Home Improvement Questions? Ask a Handyman for Answers ASAP
Thanks. XXXXX concerned with the steps that should be taken first...such as do I need to build a base or do I purchase one? I am assuming I will build some sort of frame and fill it with some sort of concrete to tile over? And build the drain in the middle? When I do this, how will I slant it so that it drains correctly? Do I need to do this first? As I'm doing this, I assume I can go ahead and plumb out everything...how should I terminate the shower head ends? Which pieces should I use and what brand do you recommend? All copper all the way? I will have 2 shower heads..one on each side - or at least some type of removable (hand held) water spout on the other side....
While a tiled shower floor and threshold can be built to fit custom sizes and design layouts a preformed base is by far a better choice because it has less chance of leaking especially if you are not experienced in this area. If you are installing a normal rectangular shower I recommend this. Tiling the walls is nothing compared to floor prep for tile. Purchase a fiberglass with maybe an acrylic finish. If you require having a tile floor I can help you through that though. (Let me know on that and we can go into details deeper if needed).
As for the faucets- yes use copper if that is what is installed now. Brands I suggest are Kohler, Moen, Delta. Either of those are great and lots to choose from. You will need a 1- main rough-in valve and trim (for on/off and temperature control), 1- transfer valve with trim (this diverts the water from one outlet to another and multiple outlets at a time) then you mentions a hand held unit. this needs a hose, a support for the hand held to hang on and a wall outlet elbow to connect the other end of the hose. follow instructions of the transfer valve for piping to the locations of all outlets you choose. Usually the piping is all done with 1/2". As for the outlet connections for your shower heads and handheld you will want to use a fitting called a "drop eared ell" one end is for a soldered pipe (inlet) and the other is a 1/2" female pipe thread (for the outlet shower head arm) and a short brass threaded pipe nipple to connect to the hand held unit. The piping can be run in the walls prior to tile prep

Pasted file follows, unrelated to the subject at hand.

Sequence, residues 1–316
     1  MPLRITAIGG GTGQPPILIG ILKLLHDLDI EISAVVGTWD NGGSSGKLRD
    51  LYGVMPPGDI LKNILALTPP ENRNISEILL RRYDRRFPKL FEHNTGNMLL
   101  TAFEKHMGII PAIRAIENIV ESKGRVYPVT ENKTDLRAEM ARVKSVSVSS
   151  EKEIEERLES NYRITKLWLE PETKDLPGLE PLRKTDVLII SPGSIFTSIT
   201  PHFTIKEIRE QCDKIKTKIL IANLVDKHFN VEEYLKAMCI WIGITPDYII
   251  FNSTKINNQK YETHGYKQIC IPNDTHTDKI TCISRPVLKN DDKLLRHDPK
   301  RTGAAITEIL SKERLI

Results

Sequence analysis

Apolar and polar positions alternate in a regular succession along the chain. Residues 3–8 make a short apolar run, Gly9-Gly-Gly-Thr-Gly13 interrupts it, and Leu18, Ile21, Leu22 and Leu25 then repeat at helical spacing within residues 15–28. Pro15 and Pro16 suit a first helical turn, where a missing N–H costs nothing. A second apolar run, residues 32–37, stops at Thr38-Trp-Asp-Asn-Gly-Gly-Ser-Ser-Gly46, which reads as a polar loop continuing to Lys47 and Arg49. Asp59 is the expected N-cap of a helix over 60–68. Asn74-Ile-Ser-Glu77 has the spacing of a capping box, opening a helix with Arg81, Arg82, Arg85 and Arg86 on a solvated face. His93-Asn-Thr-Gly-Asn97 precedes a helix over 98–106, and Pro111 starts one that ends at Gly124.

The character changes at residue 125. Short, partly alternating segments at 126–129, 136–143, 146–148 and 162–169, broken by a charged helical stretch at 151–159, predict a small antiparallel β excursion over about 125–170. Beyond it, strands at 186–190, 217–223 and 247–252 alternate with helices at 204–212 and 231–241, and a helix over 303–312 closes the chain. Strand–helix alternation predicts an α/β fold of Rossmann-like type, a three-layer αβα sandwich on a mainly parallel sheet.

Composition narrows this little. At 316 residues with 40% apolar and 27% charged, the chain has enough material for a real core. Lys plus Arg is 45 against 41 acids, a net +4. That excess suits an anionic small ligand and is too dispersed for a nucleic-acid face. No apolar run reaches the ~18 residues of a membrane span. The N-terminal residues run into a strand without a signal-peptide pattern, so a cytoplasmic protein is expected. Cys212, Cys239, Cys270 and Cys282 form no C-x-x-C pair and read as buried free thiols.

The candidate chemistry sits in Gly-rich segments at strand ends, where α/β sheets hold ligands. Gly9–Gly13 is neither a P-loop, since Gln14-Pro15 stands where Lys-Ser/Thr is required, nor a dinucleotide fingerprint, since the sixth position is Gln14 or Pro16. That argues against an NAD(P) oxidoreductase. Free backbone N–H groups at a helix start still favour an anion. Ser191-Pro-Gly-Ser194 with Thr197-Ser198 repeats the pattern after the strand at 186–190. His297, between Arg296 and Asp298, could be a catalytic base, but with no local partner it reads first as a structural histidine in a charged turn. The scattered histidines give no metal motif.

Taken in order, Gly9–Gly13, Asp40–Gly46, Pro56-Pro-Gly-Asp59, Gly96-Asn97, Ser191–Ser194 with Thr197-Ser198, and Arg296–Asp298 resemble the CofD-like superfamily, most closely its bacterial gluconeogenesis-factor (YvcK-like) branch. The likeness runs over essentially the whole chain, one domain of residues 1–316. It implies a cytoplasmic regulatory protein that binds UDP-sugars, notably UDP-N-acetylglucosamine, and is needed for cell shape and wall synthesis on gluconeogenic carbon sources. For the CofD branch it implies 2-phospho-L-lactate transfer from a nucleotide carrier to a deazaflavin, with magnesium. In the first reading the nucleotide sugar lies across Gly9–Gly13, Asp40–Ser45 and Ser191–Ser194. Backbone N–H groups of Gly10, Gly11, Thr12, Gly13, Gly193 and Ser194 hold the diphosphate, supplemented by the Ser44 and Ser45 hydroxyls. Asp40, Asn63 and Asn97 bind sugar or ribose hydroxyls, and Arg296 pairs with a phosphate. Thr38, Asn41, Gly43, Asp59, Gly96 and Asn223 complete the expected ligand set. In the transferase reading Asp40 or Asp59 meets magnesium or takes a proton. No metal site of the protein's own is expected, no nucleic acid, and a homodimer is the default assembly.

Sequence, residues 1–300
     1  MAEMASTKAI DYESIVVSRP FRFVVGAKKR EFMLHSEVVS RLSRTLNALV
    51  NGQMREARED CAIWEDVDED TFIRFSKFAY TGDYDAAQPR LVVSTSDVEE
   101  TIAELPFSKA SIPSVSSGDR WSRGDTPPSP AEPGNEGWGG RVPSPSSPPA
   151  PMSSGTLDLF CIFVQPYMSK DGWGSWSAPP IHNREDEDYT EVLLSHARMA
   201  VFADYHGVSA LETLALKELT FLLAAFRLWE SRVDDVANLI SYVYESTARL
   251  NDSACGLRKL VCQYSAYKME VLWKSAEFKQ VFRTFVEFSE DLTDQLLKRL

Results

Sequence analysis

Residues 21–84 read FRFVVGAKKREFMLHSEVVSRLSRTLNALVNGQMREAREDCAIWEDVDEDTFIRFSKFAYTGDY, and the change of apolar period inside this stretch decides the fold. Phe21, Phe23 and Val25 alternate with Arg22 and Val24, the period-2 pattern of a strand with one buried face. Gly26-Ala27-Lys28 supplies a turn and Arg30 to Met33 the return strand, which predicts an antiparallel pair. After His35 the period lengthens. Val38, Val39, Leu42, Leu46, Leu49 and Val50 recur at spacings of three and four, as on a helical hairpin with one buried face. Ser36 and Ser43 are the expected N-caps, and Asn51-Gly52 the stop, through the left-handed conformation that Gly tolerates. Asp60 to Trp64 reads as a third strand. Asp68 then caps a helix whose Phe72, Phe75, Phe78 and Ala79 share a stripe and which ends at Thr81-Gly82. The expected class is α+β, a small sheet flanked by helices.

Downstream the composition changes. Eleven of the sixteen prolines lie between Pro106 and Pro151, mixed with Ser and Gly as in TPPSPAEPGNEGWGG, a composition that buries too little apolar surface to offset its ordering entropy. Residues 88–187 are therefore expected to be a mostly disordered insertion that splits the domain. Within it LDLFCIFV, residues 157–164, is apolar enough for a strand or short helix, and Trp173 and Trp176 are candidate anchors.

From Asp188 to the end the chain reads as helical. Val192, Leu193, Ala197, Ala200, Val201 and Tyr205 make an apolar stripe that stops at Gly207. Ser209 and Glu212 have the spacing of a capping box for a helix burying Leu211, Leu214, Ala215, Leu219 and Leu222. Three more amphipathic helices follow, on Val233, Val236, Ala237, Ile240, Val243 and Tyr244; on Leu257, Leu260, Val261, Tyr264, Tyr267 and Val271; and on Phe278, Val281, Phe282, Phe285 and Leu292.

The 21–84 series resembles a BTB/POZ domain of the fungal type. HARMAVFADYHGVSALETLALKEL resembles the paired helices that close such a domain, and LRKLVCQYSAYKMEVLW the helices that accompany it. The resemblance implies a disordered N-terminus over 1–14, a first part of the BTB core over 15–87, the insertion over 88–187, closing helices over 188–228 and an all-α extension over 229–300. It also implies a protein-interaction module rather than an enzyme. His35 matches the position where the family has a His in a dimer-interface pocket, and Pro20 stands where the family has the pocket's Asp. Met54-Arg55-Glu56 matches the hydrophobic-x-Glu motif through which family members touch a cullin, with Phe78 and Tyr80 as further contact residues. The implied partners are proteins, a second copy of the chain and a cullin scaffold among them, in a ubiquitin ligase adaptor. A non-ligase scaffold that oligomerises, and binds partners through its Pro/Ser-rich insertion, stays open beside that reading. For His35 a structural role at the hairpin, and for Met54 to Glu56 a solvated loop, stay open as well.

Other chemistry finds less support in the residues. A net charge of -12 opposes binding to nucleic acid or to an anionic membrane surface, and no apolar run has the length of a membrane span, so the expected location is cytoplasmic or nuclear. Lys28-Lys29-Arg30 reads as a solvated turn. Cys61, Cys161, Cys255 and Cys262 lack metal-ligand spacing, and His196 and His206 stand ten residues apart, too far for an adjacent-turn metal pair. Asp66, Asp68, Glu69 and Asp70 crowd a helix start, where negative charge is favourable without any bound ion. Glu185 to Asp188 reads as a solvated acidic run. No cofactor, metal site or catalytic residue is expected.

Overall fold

We definitely want tiled floor....can I tile over a preform? Or ???I think probably the best thing to do is for me to upload a picture of what I have..and maybe you can tell me where you would start first...I'll do that now...
ok i've uploaded a picture showing you what i'm starting with. there is copper pipe below the floor that i will be starting at. If you were here, where would you start first? we definitely want to have tile flooring and walls tiled. and at some point, order frameless glass to install.
I just spent 40 minutes typing and my internet crashed as I tried to send. NOT HAPPY
I don't have time till tomorrow evening to redo this so sorry.
I'm sorry about that...no problem. It's not a hurry...just trying to get it done over time..thanks..and I will pay more throughout..I just need to start working on it this week..thanks again
OK I am doing this tomorrow night and will be back in touch with any questions.
you want to use this type of shower drain. Its for tiled shower floor installs. You want to use a sawz-all to bevel the wood floor around the circular opening so the drain sits as flush as possible with the largest outer edge of the drain. Perfection here is not necessary, but trying to get it so the rubber shoer membrane that gets installed later will lay flat on the floor surface.
Just checking in to see how your project is going and if you are in need of anymore info at this point in time?
Relist: Incomplete answer. We agreed that the person giving answer would help me over the next few weeks as I finish this project. It was closed out only after the first step - not upon completion. Need to know what is the next step. I have the drain in place and the plumbing done..I need to know what is next step in building the shower out. I have pictures of where I'm at now.